The Perfect Child by Lucinda Berry | Book Review

“For eager adoptive parents, getting what they always wanted has chilling consequences”

Spoiler free review

Publication Date: 1st March 2019
Genre: Psychological Thriller, Horror
Pages: 358
Goodreads Rating: 4.09
Amazon Link: Buy on Amazon
My Rating: ★★★★


Christopher and Hannah are a happily married surgeon and nurse with picture-perfect lives. All that’s missing is a child. When Janie, an abandoned six-year-old, turns up at their hospital, Christopher forms an instant connection with her, and he convinces Hannah they should take her home as their own.

But Janie is no ordinary child, and her damaged psyche proves to be more than her new parents were expecting. Janie is fiercely devoted to Christopher, but she acts out increasingly disturbing ways, directing all her rage at Hannah. Unable to bond with Janie, Hannah is drowning under the pressure, and Christopher refuses to see Janie’s true nature.

Hannah knows that Janie is manipulating Christopher and isolating him from her, despite Hannah’s attempts to bring them all together. But as Janie’s behaviour threatens to tear Christopher and Hannah apart, the truth behind Janie’s past may be enough to push them all over the edge.


As soon as I saw this book on Amazon, I knew I have to get it. I am obsessed with spooky thrillers, thrillers that make you jump if you hear a bump in your room whilst you read it, leaving you on the edge of your seat. I was first introduced to this book when a Booktuber named it the scariest thriller they had ever read and, I must say, I have to agree.

Let’s talk about the characters. Hannah Bauer is one of the main characters in this story and, once we get to know her a bit more, we feel really sorry for her. She desperately wants a baby, knowing that her and her husband are more than likely going to have to adopt, so she sets her sights on adopting a baby, wanting to experience holding and nursing one. When Christopher suggests adopting Janie, Hannah feels as though she has to let go of these dreams, and it proved to be a very emotional thing to read.

Christopher Bauer is a rather problematic character. He doesn’t seem attentive to his wife’s calls for help and, when Janie begins acting up, he assures Hannah, who is the brunt of Janie’s aggressive behaviour, that she is just imagining it. A six-year-old girl doesn’t know she is doing wrong. His character becomes quite irritating as he continues to be ignorant towards his wife, returning to work soon after they adopt and leaving Hannah to deal with Janie herself.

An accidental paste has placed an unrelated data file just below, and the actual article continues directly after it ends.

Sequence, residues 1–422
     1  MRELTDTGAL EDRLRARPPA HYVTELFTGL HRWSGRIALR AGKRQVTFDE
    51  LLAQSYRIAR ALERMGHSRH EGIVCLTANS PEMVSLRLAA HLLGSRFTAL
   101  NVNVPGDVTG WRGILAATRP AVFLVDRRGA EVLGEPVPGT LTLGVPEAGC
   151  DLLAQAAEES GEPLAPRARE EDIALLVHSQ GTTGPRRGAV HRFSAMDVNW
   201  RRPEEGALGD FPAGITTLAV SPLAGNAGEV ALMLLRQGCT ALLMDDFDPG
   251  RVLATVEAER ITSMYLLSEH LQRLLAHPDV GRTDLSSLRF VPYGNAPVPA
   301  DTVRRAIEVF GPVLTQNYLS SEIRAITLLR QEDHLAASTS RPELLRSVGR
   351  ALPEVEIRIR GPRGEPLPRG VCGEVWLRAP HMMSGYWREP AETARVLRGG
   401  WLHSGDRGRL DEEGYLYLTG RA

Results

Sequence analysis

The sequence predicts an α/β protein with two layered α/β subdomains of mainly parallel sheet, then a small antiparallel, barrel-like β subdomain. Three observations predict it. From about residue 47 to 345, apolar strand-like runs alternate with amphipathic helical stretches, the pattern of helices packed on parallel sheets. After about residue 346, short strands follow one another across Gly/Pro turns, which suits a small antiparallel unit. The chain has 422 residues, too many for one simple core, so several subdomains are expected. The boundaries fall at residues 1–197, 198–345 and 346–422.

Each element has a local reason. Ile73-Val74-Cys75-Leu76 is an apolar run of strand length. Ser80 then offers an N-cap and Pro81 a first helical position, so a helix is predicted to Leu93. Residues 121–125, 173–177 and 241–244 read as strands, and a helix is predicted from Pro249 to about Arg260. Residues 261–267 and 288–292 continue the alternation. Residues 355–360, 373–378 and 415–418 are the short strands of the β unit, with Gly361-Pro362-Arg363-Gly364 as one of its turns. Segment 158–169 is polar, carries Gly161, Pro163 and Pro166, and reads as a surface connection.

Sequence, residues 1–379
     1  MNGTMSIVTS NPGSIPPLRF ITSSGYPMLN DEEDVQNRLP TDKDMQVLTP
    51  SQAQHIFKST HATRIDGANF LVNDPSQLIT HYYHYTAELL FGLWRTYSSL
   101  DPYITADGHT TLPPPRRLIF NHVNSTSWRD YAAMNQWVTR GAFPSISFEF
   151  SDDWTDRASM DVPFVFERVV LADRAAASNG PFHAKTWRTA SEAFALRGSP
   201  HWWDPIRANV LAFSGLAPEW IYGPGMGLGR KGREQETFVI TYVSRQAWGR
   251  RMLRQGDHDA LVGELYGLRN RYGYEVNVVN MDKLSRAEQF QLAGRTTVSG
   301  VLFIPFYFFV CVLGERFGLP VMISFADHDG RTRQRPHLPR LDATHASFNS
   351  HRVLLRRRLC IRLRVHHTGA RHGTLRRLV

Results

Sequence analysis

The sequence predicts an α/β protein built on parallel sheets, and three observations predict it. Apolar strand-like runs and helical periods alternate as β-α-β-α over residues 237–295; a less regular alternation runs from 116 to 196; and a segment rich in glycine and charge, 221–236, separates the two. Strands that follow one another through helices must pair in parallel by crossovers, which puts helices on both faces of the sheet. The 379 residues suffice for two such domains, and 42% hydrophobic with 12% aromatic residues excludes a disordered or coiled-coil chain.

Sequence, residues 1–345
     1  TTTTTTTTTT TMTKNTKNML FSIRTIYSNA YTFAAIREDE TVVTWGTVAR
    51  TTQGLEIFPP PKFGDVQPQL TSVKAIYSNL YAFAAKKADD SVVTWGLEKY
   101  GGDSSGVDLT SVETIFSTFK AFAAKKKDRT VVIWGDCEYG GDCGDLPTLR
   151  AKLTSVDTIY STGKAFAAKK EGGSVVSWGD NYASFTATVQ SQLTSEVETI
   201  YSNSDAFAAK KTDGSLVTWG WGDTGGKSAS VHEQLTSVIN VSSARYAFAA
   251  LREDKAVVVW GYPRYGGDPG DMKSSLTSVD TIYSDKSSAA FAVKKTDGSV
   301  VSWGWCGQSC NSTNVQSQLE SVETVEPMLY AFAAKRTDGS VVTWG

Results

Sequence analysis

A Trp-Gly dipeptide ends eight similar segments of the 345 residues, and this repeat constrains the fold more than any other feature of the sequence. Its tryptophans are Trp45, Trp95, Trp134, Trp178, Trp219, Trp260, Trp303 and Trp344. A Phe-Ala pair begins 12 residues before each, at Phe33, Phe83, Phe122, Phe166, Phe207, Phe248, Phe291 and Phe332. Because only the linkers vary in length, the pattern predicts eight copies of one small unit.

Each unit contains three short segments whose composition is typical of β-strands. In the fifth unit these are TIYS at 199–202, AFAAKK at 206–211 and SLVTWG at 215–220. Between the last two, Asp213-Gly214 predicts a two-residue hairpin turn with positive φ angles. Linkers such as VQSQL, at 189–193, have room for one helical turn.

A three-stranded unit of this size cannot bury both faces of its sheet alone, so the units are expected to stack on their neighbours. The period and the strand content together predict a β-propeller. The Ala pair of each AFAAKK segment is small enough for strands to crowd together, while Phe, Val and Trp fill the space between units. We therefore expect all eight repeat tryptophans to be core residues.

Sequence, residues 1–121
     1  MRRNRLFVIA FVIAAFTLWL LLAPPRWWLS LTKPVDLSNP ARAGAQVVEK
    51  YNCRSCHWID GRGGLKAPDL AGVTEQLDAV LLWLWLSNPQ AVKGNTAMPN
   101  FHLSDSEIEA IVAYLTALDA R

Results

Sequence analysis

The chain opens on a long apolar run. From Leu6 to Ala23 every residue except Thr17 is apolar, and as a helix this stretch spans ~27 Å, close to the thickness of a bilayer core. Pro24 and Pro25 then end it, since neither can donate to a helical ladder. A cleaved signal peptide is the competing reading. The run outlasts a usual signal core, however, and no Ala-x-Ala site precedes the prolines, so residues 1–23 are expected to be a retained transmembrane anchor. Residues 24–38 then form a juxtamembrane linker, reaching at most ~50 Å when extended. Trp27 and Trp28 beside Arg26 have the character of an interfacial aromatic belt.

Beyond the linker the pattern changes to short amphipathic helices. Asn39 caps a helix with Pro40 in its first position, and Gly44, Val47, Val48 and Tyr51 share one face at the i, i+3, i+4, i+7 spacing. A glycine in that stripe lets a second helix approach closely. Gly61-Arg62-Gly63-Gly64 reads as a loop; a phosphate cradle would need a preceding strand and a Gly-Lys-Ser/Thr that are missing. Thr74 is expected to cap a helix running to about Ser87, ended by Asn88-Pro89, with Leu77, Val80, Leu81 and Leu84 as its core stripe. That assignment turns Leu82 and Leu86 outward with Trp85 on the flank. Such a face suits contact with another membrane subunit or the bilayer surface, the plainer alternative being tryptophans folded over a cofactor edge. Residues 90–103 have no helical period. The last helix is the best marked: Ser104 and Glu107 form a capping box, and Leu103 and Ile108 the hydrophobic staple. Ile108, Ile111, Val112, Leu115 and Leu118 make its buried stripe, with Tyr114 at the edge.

Janie is an absolutely terrifying character to read, though she made for a good villain. Her character definitely makes the book more horror than thriller. At no point did I feel sorry for Janie, I didn’t trust her from the start, and it was very enjoyable to watch her character become comfortable enough to show her true side, as sick and twisted as that sounds, she was incredibly evil.

The writing style itself is written through the eyes of a police officer, who is interviewing Piper Goldstein, who works for the children’s services, Hannah Bauer herself, and Christopher Bauer. The writing was quite descriptive, and every word counted towards the story, that’s to say, information wasn’t thrown in randomly to up the word count. Each chapter was clearly labelled and it made for a smooth read, flowing nicely.

One of the problems I had with this book was the ending. I am all for dramatic endings that leave you wondering what happened, but this book seemed to end very randomly and way too quickly for me. After a quick look on Goodreads, I can see that many others readers felt the same way.

I ended up giving this book four stars. I really enjoyed it and read it in one sitting, though the ending left me with a LOT of questions and I’d of liked at least one more chapter to wrap it up. It felt as though there was still more to the book. That being said, I would definitely recommend this book.

Have you read this book? What did you think?

5 thoughts on “The Perfect Child by Lucinda Berry | Book Review

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